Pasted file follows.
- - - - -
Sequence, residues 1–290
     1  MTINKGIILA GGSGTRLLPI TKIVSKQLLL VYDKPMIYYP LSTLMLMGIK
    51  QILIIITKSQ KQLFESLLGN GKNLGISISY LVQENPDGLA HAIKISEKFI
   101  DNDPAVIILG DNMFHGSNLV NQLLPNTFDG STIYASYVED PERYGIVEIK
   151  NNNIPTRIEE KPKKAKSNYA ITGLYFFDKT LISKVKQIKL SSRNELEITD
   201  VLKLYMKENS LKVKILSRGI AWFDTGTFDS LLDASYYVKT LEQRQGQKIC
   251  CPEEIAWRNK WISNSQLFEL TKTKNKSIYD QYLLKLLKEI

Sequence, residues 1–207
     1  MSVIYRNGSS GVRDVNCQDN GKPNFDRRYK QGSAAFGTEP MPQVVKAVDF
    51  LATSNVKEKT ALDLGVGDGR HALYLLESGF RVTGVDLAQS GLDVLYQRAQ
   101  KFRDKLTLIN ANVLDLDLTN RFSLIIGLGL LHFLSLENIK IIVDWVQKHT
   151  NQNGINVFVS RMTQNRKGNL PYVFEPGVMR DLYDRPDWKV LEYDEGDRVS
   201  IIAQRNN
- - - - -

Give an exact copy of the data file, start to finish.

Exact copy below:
Sequence, residues 1–290
     1  MTINKGIILA GGSGTRLLPI TKIVSKQLLL VYDKPMIYYP LSTLMLMGIK
    51  QILIIITKSQ KQLFESLLGN GKNLGISISY LVQENPDGLA HAIKISEKFI
   101  DNDPAVIILG DNMFHGSNLV NQLLPNTFDG STIYASYVED PERYGIVEIK
   151  NNNIPTRIEE KPKKAKSNYA ITGLYFFDKT LISKVKQIKL SSRNELEITD
   201  VLKLYMKENS LKVKILSRGI AWFDTGTFDS LLDASYYVKT LEQRQGQKIC
   251  CPEEIAWRNK WISNSQLFEL TKTKNKSIYD QYLLKLLKEI

Sequence, residues 1–207
     1  MSVIYRNGSS GVRDVNCQDN GKPNFDRRYK QGSAAFGTEP MPQVVKAVDF
    51  LATSNVKEKT ALDLGVGDGR HALYLLESGF RVTGVDLAQS GLDVLYQRAQ
   101  KFRDKLTLIN ANVLDLDLTN RFSLIIGLGL LHFLSLENIK IIVDWVQKHT
   151  NQNGINVFVS RMTQNRKGNL PYVFEPGVMR DLYDRPDWKV LEYDEGDRVS
   201  IIAQRNN